A booster dose of infant recombinant hepatitis B vaccine (Engerix B/GlaxoSmithKline Biologicals, Rixensart, Belgium) was administered to 23 of the 45 (51%) children with a titer <10 mIU/mL. The parents of the remaining 22 children declined participation. All 23 (100%, 95% confidence interval: 88.05–100%) children responded to the booster dose; the anti-HBs GMCs by study group were: 250.1 mIU/mL for group 1 (n = 3), 371.6 mIU/mL for group 2 (n = 11) and 331.3 mIU/mL for group 3 (n = 9).
The GMCs of these 23 children increased from 4.28 mIU/mL prebooster to 337.38 mIU/mL postbooster (78.5-fold). Most of the children had anti-HBs titers between 200 and 1000 mIU/mL and only 1 had a marginal response reaching levels between 10 and 20 mIU/mL (Fig. 1).
In this study, persistence of vaccine-induced anti-HBs was evaluated in 5- to 17-year-old children, who had received 3 doses of recombinant hepatitis B vaccine, administered in the first year of life. Follow-up studies of children vaccinated against hepatitis B at birth have demonstrated approximately similar or more rapid decline in anti-HBs levels at 15 years of age, compared with our observations. Anti-HBs rates above 10 mIU/mL have been reported to decrease significantly with increasing age and timing since primary immunization—possibly reflecting waning anti-HBs levels over time.6–8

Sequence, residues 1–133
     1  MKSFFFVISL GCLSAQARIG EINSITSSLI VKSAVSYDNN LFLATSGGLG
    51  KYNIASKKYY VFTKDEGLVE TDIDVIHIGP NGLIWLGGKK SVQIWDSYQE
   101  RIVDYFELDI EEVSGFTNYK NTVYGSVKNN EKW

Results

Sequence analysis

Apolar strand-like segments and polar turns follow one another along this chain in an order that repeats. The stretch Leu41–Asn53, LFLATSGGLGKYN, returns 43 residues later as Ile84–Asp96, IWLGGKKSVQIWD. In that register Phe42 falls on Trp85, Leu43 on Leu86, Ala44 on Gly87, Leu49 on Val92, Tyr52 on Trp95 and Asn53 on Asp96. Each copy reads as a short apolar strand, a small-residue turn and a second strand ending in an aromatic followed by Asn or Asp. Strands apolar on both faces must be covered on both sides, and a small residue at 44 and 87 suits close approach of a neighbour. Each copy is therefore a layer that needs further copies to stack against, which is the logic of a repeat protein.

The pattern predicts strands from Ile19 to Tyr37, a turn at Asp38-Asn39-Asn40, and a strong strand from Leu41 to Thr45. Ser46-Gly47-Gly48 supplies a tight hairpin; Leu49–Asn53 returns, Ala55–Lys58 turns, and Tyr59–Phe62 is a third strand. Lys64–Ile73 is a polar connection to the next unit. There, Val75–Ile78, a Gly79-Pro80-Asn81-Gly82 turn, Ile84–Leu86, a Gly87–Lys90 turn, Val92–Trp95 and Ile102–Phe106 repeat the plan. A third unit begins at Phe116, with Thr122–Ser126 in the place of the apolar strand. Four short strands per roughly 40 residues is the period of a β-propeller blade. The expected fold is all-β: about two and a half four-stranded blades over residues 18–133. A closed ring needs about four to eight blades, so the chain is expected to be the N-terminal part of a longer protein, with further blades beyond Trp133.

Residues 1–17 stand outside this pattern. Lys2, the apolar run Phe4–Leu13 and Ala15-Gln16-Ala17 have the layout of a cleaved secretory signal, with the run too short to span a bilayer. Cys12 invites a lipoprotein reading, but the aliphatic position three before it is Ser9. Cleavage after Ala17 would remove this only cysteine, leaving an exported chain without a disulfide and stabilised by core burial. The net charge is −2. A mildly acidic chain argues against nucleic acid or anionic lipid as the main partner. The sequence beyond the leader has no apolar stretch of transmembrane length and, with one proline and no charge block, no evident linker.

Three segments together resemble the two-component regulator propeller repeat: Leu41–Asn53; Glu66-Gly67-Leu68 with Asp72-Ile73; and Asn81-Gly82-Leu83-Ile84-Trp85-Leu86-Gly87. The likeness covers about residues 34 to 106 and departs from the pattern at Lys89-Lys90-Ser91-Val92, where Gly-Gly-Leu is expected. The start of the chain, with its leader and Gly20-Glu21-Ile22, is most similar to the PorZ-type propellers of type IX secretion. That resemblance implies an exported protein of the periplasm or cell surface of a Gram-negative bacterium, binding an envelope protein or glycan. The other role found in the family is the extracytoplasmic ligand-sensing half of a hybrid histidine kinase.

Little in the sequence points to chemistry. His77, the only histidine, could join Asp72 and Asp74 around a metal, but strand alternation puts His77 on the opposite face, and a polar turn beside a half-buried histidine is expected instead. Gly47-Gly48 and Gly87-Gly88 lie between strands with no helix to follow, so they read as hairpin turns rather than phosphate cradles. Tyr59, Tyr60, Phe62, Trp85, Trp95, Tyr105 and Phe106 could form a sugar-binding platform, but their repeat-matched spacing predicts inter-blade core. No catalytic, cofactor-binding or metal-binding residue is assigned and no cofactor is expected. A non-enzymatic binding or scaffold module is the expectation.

Bulgaria is an intermediate endemicity country for hepatitis B virus infection with an average HBsAg seroprevalence rate of 3.9% in the general population (4.2% in the Central-South region of Bulgaria).9 In this study, 7 children (5%) had a close family contact with HBsAg-positive relatives but only 1 case (0.7%) showed a breakthrough infection; all remaining 140 children were found to be negative for HBsAg and anti-HBc. A booster response was determined if the anti-HBs titer >10 mIU/mL was reached in those with undetectable anti-HBs.3,6
In this study, the immune memory was evaluated at a longer interval (5–15 years) in children immunized at birth. The presence of immune memory response was determined in children with anti-HBs titers <10 mIU/mL by measuring the anti-HBs response after administration of a booster dose.
Booster immune response was found in all children and antibody titer rose with a 78.5-fold increase in GMC. No clear trend to a higher anamnestic response was seen in those immunized more recently. Previous studies on immune memory, which persists beyond anti-HBs disappearance, demonstrated in children a 92–100% anamnestic immune response after booster dose offered 5–15 years after primary schedule.6,10,11 Our data are in line with this and support the statement of the European Consensus Group on Hepatitis B Immunity, as well as the Viral Hepatitis Prevention Board, the Centers for Disease Control and Prevention and the World Health Organization recommendation that, as far as no contrary evidence emerges from longer term follow-up of hepatitis B vaccinees, there is evidence to date not to introduce a booster dose in universal hepatitis B immunization programs.12–15
The authors thank GlaxoSmithKline, Sofia, Bulgaria, for the provided hepatitis B vaccines.